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First off today, Reuters is reporting that musician Kanye West is being sued by Gabor Presser, a Hungarian rock musician, who claims that West’s 2013 song New Slaves used unlicensed samples from his 1969 song Gyongyhaju Lany.
The lawsuit, which was filed in the U.S. District Court in Manhattan, also targets Sony/ATV, the publisher of the song. it claims that Presser was unaware that his song had been used until a lawyer representing west began emailing him soon after marketing for the album began. He goes on to claim that West’s lawyers sent him a $10,000 check to grant a license but Presser never cashed the check.
Presser is seeking some $2.5 million in damages for copyright infringement and notes that the song involved is “one of the most beloved pop songs ever in Hungary and across Eastern Europe.”
Next up today, Steph Harmon and Lucy Clark at The Guardian reports that local author comedian Magda Szubanski has said that she will consider leaving the country and will likely stop writing if the country’s government moves forward with proposed changes to the country’s copyright regime.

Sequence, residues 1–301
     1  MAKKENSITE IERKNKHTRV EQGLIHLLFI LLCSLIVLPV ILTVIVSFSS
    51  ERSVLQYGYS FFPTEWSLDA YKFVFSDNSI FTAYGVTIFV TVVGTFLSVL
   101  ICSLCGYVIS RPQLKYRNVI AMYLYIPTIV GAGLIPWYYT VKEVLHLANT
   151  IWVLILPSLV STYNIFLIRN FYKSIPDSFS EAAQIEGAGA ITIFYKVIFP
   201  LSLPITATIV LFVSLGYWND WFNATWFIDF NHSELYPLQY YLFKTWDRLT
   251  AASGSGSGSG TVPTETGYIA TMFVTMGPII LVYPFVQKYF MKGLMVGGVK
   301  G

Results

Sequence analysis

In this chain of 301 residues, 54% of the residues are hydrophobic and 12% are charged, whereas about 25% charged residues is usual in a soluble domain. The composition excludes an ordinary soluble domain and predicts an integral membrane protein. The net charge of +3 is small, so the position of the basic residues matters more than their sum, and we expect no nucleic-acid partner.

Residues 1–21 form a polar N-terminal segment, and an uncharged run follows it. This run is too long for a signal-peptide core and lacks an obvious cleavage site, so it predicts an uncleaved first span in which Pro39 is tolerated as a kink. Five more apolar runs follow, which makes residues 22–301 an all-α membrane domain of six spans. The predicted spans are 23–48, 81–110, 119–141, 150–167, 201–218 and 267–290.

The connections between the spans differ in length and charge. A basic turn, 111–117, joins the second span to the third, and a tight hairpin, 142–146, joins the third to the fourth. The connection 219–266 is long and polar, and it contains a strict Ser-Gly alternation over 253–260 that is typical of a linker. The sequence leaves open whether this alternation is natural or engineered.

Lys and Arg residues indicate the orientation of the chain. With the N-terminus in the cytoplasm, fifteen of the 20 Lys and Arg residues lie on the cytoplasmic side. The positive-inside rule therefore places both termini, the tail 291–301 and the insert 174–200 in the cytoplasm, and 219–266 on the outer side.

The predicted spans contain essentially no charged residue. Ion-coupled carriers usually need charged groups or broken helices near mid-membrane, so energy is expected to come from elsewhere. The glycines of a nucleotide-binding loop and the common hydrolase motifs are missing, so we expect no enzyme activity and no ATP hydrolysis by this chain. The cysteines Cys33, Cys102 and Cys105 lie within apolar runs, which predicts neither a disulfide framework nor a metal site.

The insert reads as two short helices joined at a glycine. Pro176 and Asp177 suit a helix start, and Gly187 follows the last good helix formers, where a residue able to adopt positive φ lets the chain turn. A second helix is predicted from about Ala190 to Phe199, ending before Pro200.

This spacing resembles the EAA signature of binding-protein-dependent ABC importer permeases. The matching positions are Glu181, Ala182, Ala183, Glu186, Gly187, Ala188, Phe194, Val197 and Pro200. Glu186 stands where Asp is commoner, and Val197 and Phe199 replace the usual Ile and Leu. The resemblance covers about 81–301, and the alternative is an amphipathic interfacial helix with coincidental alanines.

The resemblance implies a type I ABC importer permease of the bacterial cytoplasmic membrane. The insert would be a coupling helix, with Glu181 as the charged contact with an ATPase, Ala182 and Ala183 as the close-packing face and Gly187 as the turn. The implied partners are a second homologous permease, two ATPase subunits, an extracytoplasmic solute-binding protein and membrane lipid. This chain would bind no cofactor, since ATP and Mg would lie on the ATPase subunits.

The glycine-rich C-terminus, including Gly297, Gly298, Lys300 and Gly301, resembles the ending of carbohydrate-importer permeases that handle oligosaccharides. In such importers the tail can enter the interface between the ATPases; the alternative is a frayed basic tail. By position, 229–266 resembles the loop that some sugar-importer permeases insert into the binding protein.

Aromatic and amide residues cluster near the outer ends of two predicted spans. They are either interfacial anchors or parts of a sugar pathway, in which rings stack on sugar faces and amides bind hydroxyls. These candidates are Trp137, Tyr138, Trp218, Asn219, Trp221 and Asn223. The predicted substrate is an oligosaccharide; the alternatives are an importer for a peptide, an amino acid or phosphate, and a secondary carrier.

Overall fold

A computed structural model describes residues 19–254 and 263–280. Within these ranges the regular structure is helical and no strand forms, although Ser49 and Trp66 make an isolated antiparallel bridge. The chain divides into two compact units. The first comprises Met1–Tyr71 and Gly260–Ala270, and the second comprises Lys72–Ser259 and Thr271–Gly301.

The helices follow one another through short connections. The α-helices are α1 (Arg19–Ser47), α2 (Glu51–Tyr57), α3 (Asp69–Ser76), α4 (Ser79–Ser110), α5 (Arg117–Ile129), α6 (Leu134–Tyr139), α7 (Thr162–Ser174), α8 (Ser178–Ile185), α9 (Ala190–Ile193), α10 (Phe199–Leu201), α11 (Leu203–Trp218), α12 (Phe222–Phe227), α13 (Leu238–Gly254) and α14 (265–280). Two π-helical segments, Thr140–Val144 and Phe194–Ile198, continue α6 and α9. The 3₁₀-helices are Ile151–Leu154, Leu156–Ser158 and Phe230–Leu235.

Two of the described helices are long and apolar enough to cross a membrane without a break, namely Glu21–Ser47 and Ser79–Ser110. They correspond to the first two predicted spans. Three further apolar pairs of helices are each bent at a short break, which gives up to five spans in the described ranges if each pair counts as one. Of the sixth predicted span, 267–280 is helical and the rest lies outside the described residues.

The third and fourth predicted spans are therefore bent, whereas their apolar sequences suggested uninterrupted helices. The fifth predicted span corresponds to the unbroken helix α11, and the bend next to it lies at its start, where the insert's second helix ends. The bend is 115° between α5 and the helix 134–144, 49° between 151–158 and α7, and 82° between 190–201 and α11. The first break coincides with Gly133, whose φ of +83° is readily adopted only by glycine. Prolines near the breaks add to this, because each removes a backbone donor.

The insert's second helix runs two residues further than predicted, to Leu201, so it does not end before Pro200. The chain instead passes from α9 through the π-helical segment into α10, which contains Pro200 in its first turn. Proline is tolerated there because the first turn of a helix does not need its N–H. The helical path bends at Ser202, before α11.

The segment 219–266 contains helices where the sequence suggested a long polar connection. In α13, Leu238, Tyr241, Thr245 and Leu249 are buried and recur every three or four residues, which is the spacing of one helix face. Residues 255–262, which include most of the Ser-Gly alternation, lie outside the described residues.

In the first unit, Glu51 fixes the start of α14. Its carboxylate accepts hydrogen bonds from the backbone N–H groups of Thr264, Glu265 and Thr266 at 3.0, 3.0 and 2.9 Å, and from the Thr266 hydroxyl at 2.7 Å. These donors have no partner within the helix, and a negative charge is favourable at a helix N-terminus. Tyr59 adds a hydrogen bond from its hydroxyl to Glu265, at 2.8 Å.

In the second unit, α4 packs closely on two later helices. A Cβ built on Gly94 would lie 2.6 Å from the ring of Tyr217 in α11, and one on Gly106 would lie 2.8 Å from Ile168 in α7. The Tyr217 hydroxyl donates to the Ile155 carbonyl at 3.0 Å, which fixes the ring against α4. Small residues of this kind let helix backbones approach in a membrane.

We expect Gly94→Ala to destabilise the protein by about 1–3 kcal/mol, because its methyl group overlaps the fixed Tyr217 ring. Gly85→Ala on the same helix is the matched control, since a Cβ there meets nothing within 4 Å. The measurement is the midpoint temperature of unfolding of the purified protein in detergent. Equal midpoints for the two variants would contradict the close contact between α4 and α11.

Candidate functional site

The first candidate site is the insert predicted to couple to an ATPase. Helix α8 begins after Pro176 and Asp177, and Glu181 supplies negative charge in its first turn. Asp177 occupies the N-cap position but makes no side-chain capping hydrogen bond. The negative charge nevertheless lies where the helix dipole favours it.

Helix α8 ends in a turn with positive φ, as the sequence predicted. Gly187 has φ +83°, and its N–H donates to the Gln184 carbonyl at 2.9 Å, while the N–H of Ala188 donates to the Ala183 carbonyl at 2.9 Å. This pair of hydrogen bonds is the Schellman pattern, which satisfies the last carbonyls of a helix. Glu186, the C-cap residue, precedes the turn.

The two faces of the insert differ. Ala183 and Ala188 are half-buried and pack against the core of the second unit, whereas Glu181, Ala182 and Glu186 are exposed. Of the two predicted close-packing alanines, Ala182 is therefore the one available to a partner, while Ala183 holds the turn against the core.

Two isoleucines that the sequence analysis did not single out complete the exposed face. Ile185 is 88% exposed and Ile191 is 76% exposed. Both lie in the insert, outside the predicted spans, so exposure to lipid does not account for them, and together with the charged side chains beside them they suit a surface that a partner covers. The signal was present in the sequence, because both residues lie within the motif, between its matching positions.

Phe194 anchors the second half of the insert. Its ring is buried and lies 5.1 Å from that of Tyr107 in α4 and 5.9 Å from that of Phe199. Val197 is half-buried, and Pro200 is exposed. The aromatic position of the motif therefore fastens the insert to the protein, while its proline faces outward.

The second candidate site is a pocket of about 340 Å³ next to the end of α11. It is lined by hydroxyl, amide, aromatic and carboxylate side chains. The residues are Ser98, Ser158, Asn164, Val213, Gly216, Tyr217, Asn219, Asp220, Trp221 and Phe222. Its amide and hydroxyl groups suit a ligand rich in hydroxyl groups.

Szubanski was in attendance at the Australian book industry awards where she won best biography and best book of the year for first work, Reckoning: A Memoir. However, the festivities were somewhat dampened by recent proposals by the government, one of which would potentially shorten the copyright term on books to 15-25 years after publication and another that would remove import restrictions on books being published actively in Australia.
Szubanski and other authors in attendance warned of dire consequences should the government move forward with the proposals, saying that there would likely be a “brain drain” of talent in the country and that authors would struggle to recoup the costs of writing books, which often take years to produce.
Finally today, Anime News Network reports that, in Japan, the Square Enix manga Hi Score Girl will resume publishing on July 25th following a copyright dispute that began in 2014 and temporarily halted publication.
The manga tells the story of of a sixth-grader, Haruto, who spends a lot of time in a local arcade and meets a girl, Akira, that is a high-level gamer. The series frequently featured cameos from various video games and it was those cameos that sparked the copyright battle as game maker SNK Playmore filed a criminal complaint against the series in 2014 citing over 100 instances of their characters appearing in the manga.
Soon thereafter, publication of the manga was halted and a voluntary recall was put into place. The battle heated up with formal criminal charges being filed against 16 people at Square Enix but the matter was settled in August 2015 after SNK Playmore dropped its claims. Now the series is set to finally return after a nearly two-year hiatus.
That’s it for the three count today. We will be back tomorrow with three more copyright links. If you have a link that you want to suggest a link for the column or have any proposals to make it better. Feel free to leave a comment or send me an email. I hope to hear from you.